Soviet Union made ‘secret’ maps of Derry City during the Cold War

Detailed maps, possibly gathered by spies, included information that would be useful following a ‘takeover’

Soviet Union made ‘secret’ maps of Derry City during the Cold War

Map of the city: Brown are civil/houses - green ‘military/security pink – gov/admin and black – military-industrial

Secret maps of Derry drawn up by the Soviet Union during the Cold War hint at plans to annex the city with a view to building its empire.

According to Conor Graham, a senior researcher and scientist at Queen’s University Belfast (QUB), they were not ‘invasion maps’ but would have been used by the Soviets to manage the city after assuming control.

Between 1946 and 1991 the United States, the Soviet Union, and their allies were engaged in a decades-long conflict known as the Cold War.

Though the parties were technically at peace, the period was characterised by political manoeuvring, an arms race, military coalitions, espionage, propaganda, economic aid, and proxy wars between other nations.

It has been discovered that military cartographers created hundreds of thousands of maps and filled them with detailed notes on the terrain and infrastructure of every place.

Those of Derry include bathymetry, measuring the depth of water in the River Foyle, information that Mr Graham says would prove useful ‘if planning to land a load of tanks’

He has been working on the Belfast Soviet Map and was able to obtain a copy of the Derry one too. 

Dublin was also mapped at this level.

Mr Graham said: “It looks like the Soviets literally produced millions of maps over the period of the Cold War for nearly the whole globe. 

“They would have been used by Soviets to manage a city after a takeover, for Soviet civil servants, administrators and planners.

“Though they definitely would have been used by an invading army, especially as the Russians like tanks and need to know where to drive them.

“Some have called them ‘invasion’ maps, but experts argue that as there is a great amount of detail of civilian infrastructure, not just military structures that would not normally be of interest to an army planning a destructive invasion or even a nuclear attack - maps would have no use after that.   “It is true that they would have of course helped to plan any Soviet invasion but even more Intriguing is that these maps may have been useful for ‘administrators’ helping to run a city after annexation.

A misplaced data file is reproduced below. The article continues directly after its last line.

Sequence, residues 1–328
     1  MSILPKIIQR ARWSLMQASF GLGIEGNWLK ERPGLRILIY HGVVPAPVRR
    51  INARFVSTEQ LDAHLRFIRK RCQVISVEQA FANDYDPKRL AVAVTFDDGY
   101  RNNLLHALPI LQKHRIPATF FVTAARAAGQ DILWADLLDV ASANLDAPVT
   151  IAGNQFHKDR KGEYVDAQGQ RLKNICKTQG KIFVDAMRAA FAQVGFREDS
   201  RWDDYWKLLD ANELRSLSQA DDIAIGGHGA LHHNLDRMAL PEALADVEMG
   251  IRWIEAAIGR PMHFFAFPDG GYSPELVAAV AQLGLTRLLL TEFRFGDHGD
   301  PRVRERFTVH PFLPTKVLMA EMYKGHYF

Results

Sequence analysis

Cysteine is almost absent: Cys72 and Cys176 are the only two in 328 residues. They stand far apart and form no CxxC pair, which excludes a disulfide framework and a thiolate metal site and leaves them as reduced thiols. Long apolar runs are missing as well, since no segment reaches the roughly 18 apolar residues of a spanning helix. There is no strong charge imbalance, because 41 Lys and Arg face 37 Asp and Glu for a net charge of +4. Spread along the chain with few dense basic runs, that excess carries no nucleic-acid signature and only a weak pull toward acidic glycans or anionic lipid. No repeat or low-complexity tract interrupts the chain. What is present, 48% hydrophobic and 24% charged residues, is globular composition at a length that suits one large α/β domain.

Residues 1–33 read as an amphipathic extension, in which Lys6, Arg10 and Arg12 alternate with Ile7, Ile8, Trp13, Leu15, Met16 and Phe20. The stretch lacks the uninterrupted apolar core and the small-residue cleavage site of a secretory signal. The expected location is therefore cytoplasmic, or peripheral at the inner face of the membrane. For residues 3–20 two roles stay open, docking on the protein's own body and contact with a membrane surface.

“Maps of this detail where created for 1000’s of cities across the world so it would suggest the Soviets were planning to build their Empire and needed good maps to do this.”


The maps go into much greater detail than most modern equivalents.

They are so impressive that the American military used versions when they Invaded Afghanistan.

For instance, Soviet maps of Afghanistan indicate the times of year certain mountain passes are free of snow and passable for travel.

Mr Graham, who works at QUB’s Centre for Geographic Information Science and Geomatics believes the mapping was probably based on copies of Ordnance Survey of Northern Ireland (OSNI) maps at the time but with add-ons such as more detailed height contours. 

It’s assumed that they may have been picked up by travelling Soviets, diplomats or even spies, he said.

They also added reference information to each map featuring names and types of buildings which you don’t tend to get on similar OSNI sheets unless it’s a city gazetteer.

“The Soviet mapping teams also had access to spy satellites collecting high resolution imagery, though the information on some maps including names and fabric of buildings, heights and loading weights of bridges, widths and surfaces of roads, types of trees etc would probably have been collected on the ground by someone!  .

“Also OSNI would not be mapping military buildings in 1981, in fact they left military/security installations out of public maps during the troubles.

“They also translated the street and place names into Russian (Cyrillic) alphabet with the spelling ‘phonetic’ so they could pronounce the names,” he added.

When the Soviet Union fell cartographers and historians discovered a massive cache of physical maps created by the Soviet Military all through the Cold War. 

The maps covered most of the globe and in particular detailed topographic and ‘City Maps’ of Western countries, towns and cities. 

Many are available to download publicly on the internet and some are in private collections. 

Through Mr Graham’s work with a Geographical Information System (GIS) he has scanned copies to create an online ‘Web Map’ that will be available for the public to view and compare with Ordnance Survey maps of the same period. 

Mr Graham explained: “This is a 1:10,000 scale ‘City Map’ of Derry and so far the most detailed map available, it was published in secret in 1981.  

“Other smaller scale topographic maps where created for the UK and Ireland.

“I am using a GIS to create an interactive ‘Soviet Web Map of Belfast’ and plan to do the same with the Derry map when this is finished.”

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